The contagion was real, but it was unclear what had caused the degree of sudden panic. As one prominent macro manager we spoke to the following day pointed out, there was no real hard economic informational event which had precipitated this sell-off. It is true that China’s government had just appointed a task force to cool the market, and also that former Fed chief Alan Greenspan had just made a speech in Asia in which he discussed the state of the US economy and the possibility of recession (in fact his comments were widely misinterpreted – his point was that corporate profit margins “have begun to stabilize,” a signal that the economic cycle is entering its latter stages, and not that recession was suddenly imminent).
But on another day such soft news flow may not have had the stinging reaction it appeared to instigate. Some commentators have suggested that instead, a growing anxiety among investors through the month had meant they were simply looking for an excuse to take profits and pause for breath.
There are a number of factors which make such a suggestion seem reasonable. First, in a geopolitical context, Iran ignored a UN deadline to halt uranium enrichment on February 21, and as a result the US, Israel and Iran all sounded off abrasive rhetoric, and Washington sent a second aircraft carrier to the Gulf. There has been much speculation about the prospect of military intervention, and some risk analysts are now suggesting there is as much as a one in three chance that either the US or Israel will attack Iran this year. In response commodity prices rose sharply towards the end of the month, with oil (West Texas Intermediate) climbing above $61 for the first time this year.
Elsewhere in the markets there were a number of growing concerns. Following an extended bull run many investors felt that equity markets were becoming overstretched, and widening spreads in sub-prime mortgages were fanning fears of contagion and some kind of move in the credit markets. Moreover, the Bank of Japan doubled interest rates to 0.5%, prompting speculation that the Yen would appreciate and thereby force investors to unwind the carry trade (removing an important source of liquidity), and conjecture centering on problems with two of the world’s most powerful economies – the US and China – was intensifying. In the US the economy was showing signs of slowing down, while in China there were fears that it was overheating, as the government continued to reign in inflation. Take these concerns together and investor anxiety may appear to have been justified.
And in China, the markets rebounded the following day, recovering a significant chunk of the losses made on the 27th. What’s more, in a historical context, the size of the “correction” was relatively inconsequential. While it is true that the Vix (volatility index) shot up 60% on the 27th and ended February with the biggest monthly percentage rise since the Long Term Capital Management fallout in August, 1998, at its height it was around 18, which is still below a ten year average of more than 21.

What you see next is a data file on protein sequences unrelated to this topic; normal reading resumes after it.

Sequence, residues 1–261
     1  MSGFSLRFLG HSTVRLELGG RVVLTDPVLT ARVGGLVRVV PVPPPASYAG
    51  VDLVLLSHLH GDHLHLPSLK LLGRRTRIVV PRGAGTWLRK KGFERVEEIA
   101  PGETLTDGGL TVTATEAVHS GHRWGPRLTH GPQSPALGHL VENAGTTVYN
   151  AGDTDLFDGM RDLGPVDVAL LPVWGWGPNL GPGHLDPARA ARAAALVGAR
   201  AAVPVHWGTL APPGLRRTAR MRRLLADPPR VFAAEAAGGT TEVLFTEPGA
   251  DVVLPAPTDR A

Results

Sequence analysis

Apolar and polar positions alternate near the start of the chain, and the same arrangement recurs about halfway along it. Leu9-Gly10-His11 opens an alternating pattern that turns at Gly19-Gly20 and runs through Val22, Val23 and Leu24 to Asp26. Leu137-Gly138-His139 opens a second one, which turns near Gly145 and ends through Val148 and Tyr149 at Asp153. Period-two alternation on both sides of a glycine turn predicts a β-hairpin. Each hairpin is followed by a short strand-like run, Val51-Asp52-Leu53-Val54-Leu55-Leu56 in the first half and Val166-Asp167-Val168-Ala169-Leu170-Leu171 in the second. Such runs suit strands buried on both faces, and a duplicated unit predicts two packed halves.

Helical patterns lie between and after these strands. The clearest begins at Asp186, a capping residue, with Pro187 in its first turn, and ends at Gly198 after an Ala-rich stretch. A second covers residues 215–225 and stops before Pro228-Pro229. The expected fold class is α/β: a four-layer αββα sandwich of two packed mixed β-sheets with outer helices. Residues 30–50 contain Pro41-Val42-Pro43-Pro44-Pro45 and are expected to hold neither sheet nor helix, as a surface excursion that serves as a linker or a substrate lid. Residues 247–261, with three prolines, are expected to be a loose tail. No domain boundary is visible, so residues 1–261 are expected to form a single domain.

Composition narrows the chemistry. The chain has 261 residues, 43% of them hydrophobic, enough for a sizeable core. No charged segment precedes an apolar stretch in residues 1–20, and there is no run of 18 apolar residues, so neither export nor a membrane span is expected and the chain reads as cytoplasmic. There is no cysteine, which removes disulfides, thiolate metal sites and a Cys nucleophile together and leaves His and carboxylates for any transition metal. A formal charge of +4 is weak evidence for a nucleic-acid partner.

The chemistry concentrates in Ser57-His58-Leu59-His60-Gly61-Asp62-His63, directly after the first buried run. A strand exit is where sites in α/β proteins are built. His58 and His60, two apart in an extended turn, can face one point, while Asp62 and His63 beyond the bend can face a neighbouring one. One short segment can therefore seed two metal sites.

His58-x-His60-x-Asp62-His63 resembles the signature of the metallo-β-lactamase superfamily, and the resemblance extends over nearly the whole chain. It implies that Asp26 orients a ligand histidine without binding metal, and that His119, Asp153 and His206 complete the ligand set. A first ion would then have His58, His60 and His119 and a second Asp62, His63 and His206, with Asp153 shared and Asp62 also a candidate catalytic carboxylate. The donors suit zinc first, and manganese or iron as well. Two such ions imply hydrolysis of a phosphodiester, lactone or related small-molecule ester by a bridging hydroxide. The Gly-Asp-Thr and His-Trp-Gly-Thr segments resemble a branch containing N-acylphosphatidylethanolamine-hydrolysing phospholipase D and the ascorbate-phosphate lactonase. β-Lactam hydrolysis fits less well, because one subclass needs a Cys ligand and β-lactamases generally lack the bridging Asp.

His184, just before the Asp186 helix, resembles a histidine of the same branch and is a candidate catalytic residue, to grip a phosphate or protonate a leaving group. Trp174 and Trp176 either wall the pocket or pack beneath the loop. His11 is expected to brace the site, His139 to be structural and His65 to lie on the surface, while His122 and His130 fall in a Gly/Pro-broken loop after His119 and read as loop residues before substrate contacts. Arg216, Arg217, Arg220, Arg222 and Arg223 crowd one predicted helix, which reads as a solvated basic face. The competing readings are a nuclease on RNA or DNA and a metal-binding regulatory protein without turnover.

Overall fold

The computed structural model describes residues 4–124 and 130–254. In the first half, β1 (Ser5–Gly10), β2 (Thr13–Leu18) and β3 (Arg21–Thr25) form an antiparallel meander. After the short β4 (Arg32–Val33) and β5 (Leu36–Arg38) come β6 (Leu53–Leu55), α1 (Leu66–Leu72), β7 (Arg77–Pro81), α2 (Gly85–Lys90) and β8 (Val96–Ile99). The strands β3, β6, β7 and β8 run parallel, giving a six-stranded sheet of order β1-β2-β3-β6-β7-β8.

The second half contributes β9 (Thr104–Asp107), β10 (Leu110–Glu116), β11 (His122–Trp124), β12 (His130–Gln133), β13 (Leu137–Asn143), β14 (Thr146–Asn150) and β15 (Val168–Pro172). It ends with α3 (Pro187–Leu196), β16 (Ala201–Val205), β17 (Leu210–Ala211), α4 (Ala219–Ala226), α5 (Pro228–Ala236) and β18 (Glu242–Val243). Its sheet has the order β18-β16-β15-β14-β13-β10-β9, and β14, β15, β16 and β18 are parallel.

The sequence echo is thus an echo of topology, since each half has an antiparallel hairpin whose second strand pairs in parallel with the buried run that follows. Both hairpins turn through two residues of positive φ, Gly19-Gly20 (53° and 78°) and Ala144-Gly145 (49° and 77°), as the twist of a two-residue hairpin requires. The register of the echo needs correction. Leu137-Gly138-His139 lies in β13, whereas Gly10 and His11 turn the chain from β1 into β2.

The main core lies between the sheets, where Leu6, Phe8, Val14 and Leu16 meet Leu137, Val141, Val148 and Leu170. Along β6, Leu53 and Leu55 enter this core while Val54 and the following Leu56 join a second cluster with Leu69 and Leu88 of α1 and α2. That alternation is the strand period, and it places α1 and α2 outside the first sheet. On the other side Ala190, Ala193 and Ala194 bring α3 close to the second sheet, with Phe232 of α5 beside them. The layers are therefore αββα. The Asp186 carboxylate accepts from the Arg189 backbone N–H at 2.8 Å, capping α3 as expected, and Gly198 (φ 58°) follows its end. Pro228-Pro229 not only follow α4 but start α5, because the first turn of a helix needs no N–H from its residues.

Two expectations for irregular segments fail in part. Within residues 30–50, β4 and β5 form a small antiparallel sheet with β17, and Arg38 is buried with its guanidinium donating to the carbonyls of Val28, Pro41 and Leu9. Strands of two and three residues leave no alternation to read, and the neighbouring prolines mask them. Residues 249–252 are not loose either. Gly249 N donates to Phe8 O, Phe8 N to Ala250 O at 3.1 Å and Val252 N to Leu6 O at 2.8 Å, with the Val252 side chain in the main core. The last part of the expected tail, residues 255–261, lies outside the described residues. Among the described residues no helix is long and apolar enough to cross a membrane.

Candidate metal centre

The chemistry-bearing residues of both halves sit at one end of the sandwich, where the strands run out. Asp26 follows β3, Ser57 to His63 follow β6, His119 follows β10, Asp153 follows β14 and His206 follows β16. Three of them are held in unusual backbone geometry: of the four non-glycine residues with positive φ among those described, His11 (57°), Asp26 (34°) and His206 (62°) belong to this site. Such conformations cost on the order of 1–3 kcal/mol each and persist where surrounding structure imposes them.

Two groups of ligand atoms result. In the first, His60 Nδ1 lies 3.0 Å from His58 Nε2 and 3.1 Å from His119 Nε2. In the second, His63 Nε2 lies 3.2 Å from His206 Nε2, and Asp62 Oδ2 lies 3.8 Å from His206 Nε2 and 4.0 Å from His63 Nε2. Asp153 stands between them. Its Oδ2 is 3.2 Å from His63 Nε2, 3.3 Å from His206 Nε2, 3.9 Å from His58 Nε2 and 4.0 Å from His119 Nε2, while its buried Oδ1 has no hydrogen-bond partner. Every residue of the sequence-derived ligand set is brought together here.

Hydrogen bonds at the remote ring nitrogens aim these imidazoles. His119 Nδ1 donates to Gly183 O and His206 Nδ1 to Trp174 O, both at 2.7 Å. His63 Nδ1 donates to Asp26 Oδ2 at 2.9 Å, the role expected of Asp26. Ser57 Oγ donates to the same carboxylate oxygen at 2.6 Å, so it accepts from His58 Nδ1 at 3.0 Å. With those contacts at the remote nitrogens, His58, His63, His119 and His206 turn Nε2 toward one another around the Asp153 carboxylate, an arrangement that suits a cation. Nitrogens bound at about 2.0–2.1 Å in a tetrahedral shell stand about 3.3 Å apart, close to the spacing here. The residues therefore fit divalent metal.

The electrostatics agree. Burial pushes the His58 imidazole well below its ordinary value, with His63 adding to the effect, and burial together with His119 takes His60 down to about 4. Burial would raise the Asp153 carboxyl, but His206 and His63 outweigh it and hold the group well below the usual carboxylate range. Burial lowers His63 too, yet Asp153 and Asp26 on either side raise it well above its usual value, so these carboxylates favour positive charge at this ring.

However, the consequences of the sell-off were real enough, as hedge fund managers lost much of the gains they had made earlier in the month, with the HFR Fund Weighted Hedge Fund Index and the Credit Suisse/Tremont Hedge Fund index ending the month up just 0.6% and 0.7% respectively. Macro managers and in particular CTAs were most exposed to the sell-off and hence recorded some of the biggest losses, with long term trend followers taken by surprise by the sudden and unannounced nature of the drawdown. Elsewhere, event driven and arbitrage managers did well to hold on to a positive performance for the month, while there were some big numbers posted by a handful of managers who were on the short side of the sub-prime trade.
The other issue for hedge funds during February was regulation, as the G7 group of leading nations met to discuss the issue that had been pushed to the forefront of the agenda by Germany. The conclusion of the talks gave some cause for comfort to both sides: Hedge funds were relieved that no hard regulatory regime was discussed, while the G7 members came away from the meeting with some kind of progress on the issue, as Germany won support for a package of proposals designed to encourage greater transparency and stronger dialogue between hedge funds and national finance ministries. Some have suggested that this is good news for the industry, as hedge funds will not have their nimbleness and flexibility of approach impinged upon, while a less opaque industry will mean investors may ultimately be in a better position to assess the strengths of individual managers operating therein.
Going in to March, the early theme is likely to be just how long the “correction” of the end of February will last and how far reaching will be its consequences. Many managers have said that from time to time such a correction is actually very healthy for the financial markets, mainly in restoring confidence (once it has passed) and also by providing good opportunities for investors to get back in and build positions. In truth, the state of the global financial environment is not yet altogether clear: IMF chief Rodrigo Rato recently stated assuredly that: “The world economy is on a strong footing…You see Asian and European economies (growing) at a strong pace and the US slowdown seems to be a mild one.” But this did not stop him hastily adding: “It’s good advice for all investors to take into account that downside risks can materialize.”